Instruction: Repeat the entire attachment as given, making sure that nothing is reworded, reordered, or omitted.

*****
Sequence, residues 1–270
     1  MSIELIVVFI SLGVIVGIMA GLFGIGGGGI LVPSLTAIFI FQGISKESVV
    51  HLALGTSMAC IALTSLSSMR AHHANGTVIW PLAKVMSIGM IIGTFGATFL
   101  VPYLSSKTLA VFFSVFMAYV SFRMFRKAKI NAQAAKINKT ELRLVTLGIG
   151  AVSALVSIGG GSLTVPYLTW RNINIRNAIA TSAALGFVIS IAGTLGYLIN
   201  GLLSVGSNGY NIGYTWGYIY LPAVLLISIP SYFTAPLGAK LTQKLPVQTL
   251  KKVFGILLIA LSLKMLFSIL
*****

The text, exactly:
Sequence, residues 1–270
     1  MSIELIVVFI SLGVIVGIMA GLFGIGGGGI LVPSLTAIFI FQGISKESVV
    51  HLALGTSMAC IALTSLSSMR AHHANGTVIW PLAKVMSIGM IIGTFGATFL
   101  VPYLSSKTLA VFFSVFMAYV SFRMFRKAKI NAQAAKINKT ELRLVTLGIG
   151  AVSALVSIGG GSLTVPYLTW RNINIRNAIA TSAALGFVIS IAGTLGYLIN
   201  GLLSVGSNGY NIGYTWGYIY LPAVLLISIP SYFTAPLGAK LTQKLPVQTL
   251  KKVFGILLIA LSLKMLFSIL